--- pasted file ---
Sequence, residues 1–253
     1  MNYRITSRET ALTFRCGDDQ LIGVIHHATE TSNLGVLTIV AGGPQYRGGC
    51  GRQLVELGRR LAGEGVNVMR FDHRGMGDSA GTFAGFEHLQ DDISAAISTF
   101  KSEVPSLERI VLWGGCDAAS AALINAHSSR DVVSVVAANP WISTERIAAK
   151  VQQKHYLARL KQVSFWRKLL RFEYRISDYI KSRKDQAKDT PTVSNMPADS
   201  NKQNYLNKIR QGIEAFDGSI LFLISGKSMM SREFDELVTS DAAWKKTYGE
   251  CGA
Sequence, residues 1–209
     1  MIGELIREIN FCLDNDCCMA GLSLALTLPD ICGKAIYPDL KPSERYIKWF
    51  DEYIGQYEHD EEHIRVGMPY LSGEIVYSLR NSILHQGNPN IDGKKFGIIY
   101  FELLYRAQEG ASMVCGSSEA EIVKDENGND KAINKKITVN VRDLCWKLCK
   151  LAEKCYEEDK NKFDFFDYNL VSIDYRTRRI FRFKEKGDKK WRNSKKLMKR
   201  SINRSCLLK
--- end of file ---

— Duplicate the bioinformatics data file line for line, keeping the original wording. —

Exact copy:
Sequence, residues 1–253
     1  MNYRITSRET ALTFRCGDDQ LIGVIHHATE TSNLGVLTIV AGGPQYRGGC
    51  GRQLVELGRR LAGEGVNVMR FDHRGMGDSA GTFAGFEHLQ DDISAAISTF
   101  KSEVPSLERI VLWGGCDAAS AALINAHSSR DVVSVVAANP WISTERIAAK
   151  VQQKHYLARL KQVSFWRKLL RFEYRISDYI KSRKDQAKDT PTVSNMPADS
   201  NKQNYLNKIR QGIEAFDGSI LFLISGKSMM SREFDELVTS DAAWKKTYGE
   251  CGA
Sequence, residues 1–209
     1  MIGELIREIN FCLDNDCCMA GLSLALTLPD ICGKAIYPDL KPSERYIKWF
    51  DEYIGQYEHD EEHIRVGMPY LSGEIVYSLR NSILHQGNPN IDGKKFGIIY
   101  FELLYRAQEG ASMVCGSSEA EIVKDENGND KAINKKITVN VRDLCWKLCK
   151  LAEKCYEEDK NKFDFFDYNL VSIDYRTRRI FRFKEKGDKK WRNSKKLMKR
   201  SINRSCLLK